May I introduce you to one of the most famous American Saddlebred horses in the world, Traveller.
Traveller, originally named Jeff Davis, was born near the Blue Sulphur Springs, in Greenbrier County, Virginia (now West Virginia), raised by Andrew Johnston. An American Saddlebred, he was of the Gray Eagle stock, and, as a colt, took the first prize at the Lewisburg, Virginia, fairs in 1859 and 1860. As an adult gelding, he was a sturdy horse, 16 hands high and 1,100 pounds (500 kg), iron gray in color with black points, a long mane and flowing tail.
In the spring of 1861, a year before achieving fame as a Confederate general, Robert E. Lee was commanding a small force in western Virginia. The quartermaster of the 3rd Virginia Infantry, Captain Joseph M. Broun, was directed to "purchase a good serviceable horse of the best Greenbrier stock for our use during the war." Broun purchased the horse for $175 (approximately $4,000 in 2008) from Andrew Johnston's son, Captain James W. Johnston, and named him Greenbrier. Major Thomas L. Broun, Joseph's brother recalled that Greenbrier
... was greatly admired in camp for his rapid, springy walk, his high spirit, bold carriage, and muscular strength. He needed neither whip nor spur, and would walk his five or six miles an hour over the rough mountain roads of Western Virginia with his rider sitting firmly in the saddle and holding him in check by a tight rein, such vim and eagerness did he manifest to go right ahead so soon as he was mounted.
– Major Thomas L. Broun
General Lee took a great fancy to the horse. He called him his "colt", and predicted to Broun that he would use it before the war was over. After Lee was transferred to South Carolina, Joseph Broun sold the horse to him for $200 in February, 1862. Lee named the horse "Traveller" (spelling the word with a double 'l' in British style).
Lee described his faithful horse in a letter in response to Mrs. Lee's cousin, Markie Williams, who wished to paint a portrait of Traveller:
If I was an artist like you, I would draw a true picture of Traveller; representing his fine proportions, muscular figure, deep chest, short back, strong haunches, flat legs, small head, broad forehead, delicate ears, quick eye, small feet, and black mane and tail. Such a picture would inspire a poet, whose genius could then depict his worth, and describe his endurance of toil, hunger, thirst, heat and cold; and the dangers and suffering through which he has passed. He could dilate upon his sagacity and affection, and his invariable response to every wish of his rider. He might even imagine his thoughts through the long night-marches and days of the battle through which he has passed. But I am no artist Markie, and can therefore only say he is a Confederate gray.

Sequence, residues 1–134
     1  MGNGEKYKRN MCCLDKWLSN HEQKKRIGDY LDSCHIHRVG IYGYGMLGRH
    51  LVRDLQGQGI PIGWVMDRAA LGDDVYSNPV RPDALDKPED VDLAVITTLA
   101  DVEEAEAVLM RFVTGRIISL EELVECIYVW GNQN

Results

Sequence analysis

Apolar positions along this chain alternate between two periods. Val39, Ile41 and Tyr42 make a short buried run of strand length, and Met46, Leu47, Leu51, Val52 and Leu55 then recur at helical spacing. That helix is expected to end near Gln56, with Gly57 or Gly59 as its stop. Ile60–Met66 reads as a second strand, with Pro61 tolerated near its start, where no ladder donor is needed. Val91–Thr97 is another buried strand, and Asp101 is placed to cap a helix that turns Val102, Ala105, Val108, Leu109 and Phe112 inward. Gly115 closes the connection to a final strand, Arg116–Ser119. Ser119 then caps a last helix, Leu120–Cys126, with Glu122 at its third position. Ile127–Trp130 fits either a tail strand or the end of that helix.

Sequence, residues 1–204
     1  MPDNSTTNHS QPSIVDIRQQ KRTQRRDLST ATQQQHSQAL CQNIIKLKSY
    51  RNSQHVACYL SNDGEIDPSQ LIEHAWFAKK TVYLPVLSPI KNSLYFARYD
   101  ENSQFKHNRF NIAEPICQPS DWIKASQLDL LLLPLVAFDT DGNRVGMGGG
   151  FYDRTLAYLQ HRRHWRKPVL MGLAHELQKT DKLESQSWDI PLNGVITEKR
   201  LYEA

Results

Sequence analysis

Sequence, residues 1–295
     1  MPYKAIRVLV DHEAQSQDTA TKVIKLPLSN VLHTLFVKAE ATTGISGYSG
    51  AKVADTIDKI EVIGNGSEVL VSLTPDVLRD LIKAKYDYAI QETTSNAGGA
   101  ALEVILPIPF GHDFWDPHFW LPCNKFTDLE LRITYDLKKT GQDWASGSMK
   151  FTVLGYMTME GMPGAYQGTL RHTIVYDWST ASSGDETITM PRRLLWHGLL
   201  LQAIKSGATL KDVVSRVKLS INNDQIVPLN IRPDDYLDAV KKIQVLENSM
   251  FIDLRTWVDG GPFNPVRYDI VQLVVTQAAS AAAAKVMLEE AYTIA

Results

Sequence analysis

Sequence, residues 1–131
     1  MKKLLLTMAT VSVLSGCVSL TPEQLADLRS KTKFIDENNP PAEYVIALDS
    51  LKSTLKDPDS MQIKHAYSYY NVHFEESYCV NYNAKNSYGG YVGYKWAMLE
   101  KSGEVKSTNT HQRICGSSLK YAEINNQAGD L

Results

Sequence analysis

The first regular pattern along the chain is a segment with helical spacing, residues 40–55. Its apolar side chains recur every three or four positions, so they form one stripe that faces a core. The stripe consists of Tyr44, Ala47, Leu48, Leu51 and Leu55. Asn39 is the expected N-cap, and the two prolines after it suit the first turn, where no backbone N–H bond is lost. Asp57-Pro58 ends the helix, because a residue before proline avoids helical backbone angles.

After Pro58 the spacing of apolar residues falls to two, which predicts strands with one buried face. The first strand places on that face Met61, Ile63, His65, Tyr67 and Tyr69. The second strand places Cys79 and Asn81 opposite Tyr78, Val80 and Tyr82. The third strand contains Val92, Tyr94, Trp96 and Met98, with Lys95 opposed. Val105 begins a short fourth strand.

– Robert E. Lee, letter to Markie Williams
Traveller was a horse of great stamina and was usually a good horse for an officer in battle because he was difficult to frighten. He could sometimes become nervous and spirited, however. At the Second Battle of Bull Run, while General Lee was at the front reconnoitering dismounted and holding Traveller by the bridle, the horse became frightened at some movement of the enemy and, plunging, pulled Lee down on a stump, breaking both of his hands. Lee went through the remainder of that campaign chiefly in an ambulance. When he rode on horseback, a courier rode in front leading his horse.
After the war, Traveller accompanied Lee to Washington College in Lexington, Virginia. He lost many hairs from his tail to admirers (veterans and college students) who wanted a souvenir of the famous horse and his general. Lee wrote to his daughter Mildred that "The boys are plucking out his tail, and he is presenting the appearance of a plucked chicken."
In 1870, during Lee's funeral procession, Traveller was led behind the caisson bearing the General's casket, his saddle and bridle draped with black crepe. Not long after Lee's death, in 1871, Traveller stepped on a nail and developed tetanus. There was no cure, and he was euthanized to relieve his suffering.
Traveller's grave at the Lee ChapelTraveller was initially buried behind the main buildings of the college, but was unearthed by persons unknown and his bones were bleached for exhibition in Rochester, New York, in 1875/1876. In 1907, Richmond journalist Joseph Bryan paid to have the bones mounted and returned to the college, named Washington and Lee University since Lee's death, and they were displayed in the Brooks Museum, in what is now Robinson Hall. The skeleton was periodically vandalized there by students who carved their initials in it for good luck. In 1929, the bones were moved to the museum in the basement of the Lee Chapel, where they stood for 30 years, deteriorating with exposure.
Finally in 1971, Traveller's remains were buried in a wooden box encased in concrete next to the Lee Chapel on the Washington & Lee campus, a few feet away from the Lee family crypt inside, where his master's body rests. The stable where he lived his last days, directly connected to the Lee House on campus, traditionally stands with its doors left open; this is said to allow his spirit to wander freely. The 24th President of Washington & Lee (and thus a recent resident of Lee House), Dr. Thomas Burish, caught strong criticism from many members of the Washington & Lee community for closing the stable gates in violation of this tradition. Burish later had the doors to the gates repainted in a dark green color, which he referred to in campus newspapers as "Traveller Green."
The base newspaper of the United States Army's Fort Lee, located in Petersburg, Virginia, is named Traveller.
Traveller remains in the hearts and minds of Washington and Lee students to this day, and is the namesake of the University's Safe Ride Program. Students are known to exclaim "Call Traveller and you will get home safely."